The National Elections Authority (NEA) has announced that registration for candidates applying to take part in the House of Representatives elections will open on 17 September. The elections themselves will take place over two stages, between 21 October and 14 December.
Candidates can undergo the required medical check-ups a few days before the start of candidacy registrations until 26 September.
A number of currently serving Members of Parliament (MPs) undertook the necessary medical check-ups on Saturday, with preparations for Egypt’s parliamentary elections expected to increase during the current week after the NEA announcement.
Tamer Marei, Undersecretary of the Ministry of Health and Population for the Red Sea Governorate, said that 11 potential candidates came, on Sunday, to sign a medical examination form at the Hurghada General Hospital. They have expressed their desire to run in the Parliamentary elections for the Red Sea Governorate’s three departments.
The NEA emphasised that candidates can use the Ministry of Health website to report their personal data, select the nearest hospital or the lab, and make an appointment for the medical check-up.
The first stage, which will take place between 21 October and 30 November, will cover 14 governorates. These include: Giza; Fayoum; Beni Suef; Minya; Assiut; New Valley; Sohag; Qena; Luxor; Aswan; the Red Sea; Alexandria; Beheira; and Marsa Matruh.
The second stage, which will take place between 4 November and 14 December, will cover 13 governorates. These will be: Cairo; Qalioubiya; Daqahleya; Menoufia; Gharbeya; Kafr El-Sheikh; Sharqeya; Damietta; Port Said; Ismailia; Suez; North Sinai; and South Sinai.
Many politicians believed the NEA would announce the timetable for the House of Representatives elections once the Senate election finish, on 16 September, and that candidate registration would likely open in October.
Following the NEA’s announcement of the registration and voting dates on Friday, several political parties began preparing their lists of candidates.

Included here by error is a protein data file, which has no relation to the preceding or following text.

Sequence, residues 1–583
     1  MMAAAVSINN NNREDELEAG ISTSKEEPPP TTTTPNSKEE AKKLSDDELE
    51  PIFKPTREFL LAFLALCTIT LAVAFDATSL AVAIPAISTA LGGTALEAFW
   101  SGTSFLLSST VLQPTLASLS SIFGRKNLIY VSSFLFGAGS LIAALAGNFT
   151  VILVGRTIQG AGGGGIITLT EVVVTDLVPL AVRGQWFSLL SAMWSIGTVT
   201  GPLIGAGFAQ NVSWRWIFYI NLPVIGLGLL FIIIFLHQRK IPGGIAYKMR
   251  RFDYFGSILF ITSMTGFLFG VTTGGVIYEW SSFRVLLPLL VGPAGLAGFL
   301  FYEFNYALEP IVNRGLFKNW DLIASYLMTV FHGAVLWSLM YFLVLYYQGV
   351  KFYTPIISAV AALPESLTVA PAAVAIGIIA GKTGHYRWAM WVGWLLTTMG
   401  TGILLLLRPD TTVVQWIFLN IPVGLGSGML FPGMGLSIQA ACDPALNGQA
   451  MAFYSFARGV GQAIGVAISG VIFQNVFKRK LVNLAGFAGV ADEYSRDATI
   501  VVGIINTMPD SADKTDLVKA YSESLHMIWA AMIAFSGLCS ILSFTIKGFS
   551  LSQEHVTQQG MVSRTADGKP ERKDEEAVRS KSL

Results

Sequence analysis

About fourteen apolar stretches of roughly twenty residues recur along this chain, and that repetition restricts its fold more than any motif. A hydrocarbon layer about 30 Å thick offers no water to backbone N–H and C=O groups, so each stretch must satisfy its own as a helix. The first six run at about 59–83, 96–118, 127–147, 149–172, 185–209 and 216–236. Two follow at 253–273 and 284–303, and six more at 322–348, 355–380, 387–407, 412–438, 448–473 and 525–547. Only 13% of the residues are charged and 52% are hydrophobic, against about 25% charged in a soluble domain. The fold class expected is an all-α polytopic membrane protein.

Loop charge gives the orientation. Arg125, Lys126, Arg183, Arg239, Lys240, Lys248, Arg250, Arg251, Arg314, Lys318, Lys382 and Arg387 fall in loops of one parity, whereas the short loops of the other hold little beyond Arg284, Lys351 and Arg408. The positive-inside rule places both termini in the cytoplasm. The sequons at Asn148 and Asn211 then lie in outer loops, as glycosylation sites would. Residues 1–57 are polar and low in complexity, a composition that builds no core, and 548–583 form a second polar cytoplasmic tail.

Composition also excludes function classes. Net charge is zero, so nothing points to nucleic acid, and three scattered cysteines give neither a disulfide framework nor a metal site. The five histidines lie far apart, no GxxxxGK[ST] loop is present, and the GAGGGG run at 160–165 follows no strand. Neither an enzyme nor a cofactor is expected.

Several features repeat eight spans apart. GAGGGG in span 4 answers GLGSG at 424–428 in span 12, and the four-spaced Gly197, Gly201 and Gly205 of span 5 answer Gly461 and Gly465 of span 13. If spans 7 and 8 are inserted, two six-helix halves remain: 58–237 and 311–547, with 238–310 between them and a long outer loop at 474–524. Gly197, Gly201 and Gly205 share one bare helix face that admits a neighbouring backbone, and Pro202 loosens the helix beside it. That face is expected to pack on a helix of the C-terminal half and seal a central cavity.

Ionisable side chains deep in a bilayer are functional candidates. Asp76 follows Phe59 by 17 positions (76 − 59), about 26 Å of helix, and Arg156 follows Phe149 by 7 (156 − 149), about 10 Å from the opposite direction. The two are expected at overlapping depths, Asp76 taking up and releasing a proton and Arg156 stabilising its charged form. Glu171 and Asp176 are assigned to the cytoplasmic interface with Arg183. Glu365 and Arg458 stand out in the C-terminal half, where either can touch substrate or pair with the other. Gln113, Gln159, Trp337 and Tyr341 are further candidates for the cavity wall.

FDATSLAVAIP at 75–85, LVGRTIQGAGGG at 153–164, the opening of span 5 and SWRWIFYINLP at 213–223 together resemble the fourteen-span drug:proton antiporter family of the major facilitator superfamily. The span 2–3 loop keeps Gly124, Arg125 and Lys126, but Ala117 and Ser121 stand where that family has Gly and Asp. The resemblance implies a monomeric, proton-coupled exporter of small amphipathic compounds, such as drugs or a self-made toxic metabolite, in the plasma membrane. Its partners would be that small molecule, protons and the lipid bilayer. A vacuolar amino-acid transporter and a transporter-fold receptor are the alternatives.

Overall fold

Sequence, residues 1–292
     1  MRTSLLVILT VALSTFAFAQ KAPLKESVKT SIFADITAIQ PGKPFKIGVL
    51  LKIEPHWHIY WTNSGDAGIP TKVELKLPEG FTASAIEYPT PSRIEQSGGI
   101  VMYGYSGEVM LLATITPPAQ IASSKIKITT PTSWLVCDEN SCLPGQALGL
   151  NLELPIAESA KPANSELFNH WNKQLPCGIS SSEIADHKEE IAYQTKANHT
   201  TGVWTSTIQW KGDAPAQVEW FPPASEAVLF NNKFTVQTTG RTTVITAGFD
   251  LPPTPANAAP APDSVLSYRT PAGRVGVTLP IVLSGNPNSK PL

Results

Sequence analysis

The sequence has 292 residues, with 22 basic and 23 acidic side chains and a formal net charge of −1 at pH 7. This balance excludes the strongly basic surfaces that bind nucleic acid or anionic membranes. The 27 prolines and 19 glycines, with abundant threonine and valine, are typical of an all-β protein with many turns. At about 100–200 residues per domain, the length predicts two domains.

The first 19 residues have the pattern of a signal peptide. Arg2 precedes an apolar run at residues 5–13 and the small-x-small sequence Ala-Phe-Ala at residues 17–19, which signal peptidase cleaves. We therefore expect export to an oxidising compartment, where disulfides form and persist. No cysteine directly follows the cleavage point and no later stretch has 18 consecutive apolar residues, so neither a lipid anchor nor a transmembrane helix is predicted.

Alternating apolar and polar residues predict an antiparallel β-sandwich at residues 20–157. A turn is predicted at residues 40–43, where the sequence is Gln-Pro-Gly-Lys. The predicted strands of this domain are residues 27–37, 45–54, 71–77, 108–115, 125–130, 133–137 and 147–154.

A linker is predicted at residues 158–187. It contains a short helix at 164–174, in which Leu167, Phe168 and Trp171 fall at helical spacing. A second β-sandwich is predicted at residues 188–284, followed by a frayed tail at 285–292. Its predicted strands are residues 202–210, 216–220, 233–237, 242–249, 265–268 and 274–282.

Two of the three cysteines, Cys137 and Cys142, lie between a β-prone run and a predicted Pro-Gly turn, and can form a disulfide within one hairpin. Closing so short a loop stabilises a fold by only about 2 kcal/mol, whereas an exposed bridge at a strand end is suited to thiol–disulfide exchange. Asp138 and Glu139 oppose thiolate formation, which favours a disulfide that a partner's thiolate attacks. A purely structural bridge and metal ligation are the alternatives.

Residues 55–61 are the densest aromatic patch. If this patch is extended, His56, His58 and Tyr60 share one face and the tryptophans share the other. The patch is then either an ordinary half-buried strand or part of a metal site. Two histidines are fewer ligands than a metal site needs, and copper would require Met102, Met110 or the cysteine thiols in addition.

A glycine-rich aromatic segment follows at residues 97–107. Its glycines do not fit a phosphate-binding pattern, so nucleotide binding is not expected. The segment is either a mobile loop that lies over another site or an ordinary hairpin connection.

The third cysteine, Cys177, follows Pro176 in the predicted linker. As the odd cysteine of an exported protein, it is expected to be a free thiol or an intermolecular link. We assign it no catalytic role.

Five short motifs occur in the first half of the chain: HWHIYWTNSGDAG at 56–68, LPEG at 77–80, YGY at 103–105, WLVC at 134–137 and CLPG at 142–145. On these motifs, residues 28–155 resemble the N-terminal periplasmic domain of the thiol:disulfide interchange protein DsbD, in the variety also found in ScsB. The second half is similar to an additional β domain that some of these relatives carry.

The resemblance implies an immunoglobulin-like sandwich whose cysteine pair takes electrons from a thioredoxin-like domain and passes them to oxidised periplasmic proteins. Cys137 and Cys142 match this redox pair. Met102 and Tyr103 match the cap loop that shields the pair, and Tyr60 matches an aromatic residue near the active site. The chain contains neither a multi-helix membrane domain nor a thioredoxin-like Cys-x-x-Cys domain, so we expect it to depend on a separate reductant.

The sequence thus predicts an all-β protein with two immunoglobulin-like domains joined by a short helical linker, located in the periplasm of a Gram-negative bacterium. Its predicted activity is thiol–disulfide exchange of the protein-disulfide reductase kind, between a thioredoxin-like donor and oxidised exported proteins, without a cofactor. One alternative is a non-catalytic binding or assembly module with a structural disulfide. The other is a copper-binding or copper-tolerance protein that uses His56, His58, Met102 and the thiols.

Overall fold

The pro-government Mostaqbal Watan said, on Sunday, that it is currently leading a coalition that will contest the 284 seats reserved to party lists.
The coalition includes 12 political parties: Mostaqbal Watan; Al-Wafd; the Guardians of the Nation; Modern Egypt; the Egyptian Socialist Democratic Party; the People’s Republican; the Reform and Development; Tagammu; the Generation’s Will; the Egyptian Freedom; the Justice; and the Congress.
Mahmoud Nafadi, head of the Parliamentary Media Journalists Association, said that the electoral scene began to take shape a few days ago. He noted that, on Sunday, a unified national list was announced led by Mostqabal Watan along with 12 other parties, including the Coordination of Youth Parties. This is a similar occurrence to events that took place during the Senate elections.
In August, Mostaqbal Watan formed a coalition for the Senate to run for 100 party list seats. The coalition, officially entitled “the National Unified List”, won the party list seats unopposed.
Nafadi added that there is another electoral bloc, called “The Independents’ Party”, led by New Independents Party head Hisham Anani, alongside a third group called “The National Movement”.
He confirmed that there will be strong competition for the individual seats, with as many as 25 candidates for some seats.
Nafadi pointed out that it is difficult to compete in the list system, but is commensurately easier to run for individual seats. Where lists include strong personalities and established parties, it can be said that there may be competition.
A total of 568 seats will be up for grabs in Egypt’s upcoming House of Representatives elections, while another 28 seats (5%) will be appointed by the president, bringing the chamber seats to a total of 596.
The 568 seats are split equally between individual and party list deputies, in which there will be 284 candidates from each category. The House of Representatives election law stipulates that 25% of the total seats must be reserved for women.
Article 10 of the House of Representatives’ Law, or Law 140 of 2020, stipulates that a hopeful seeking to run in parliamentary elections should submit a number of papers, including a medical check-up document showing that he/she tests negative for drugs.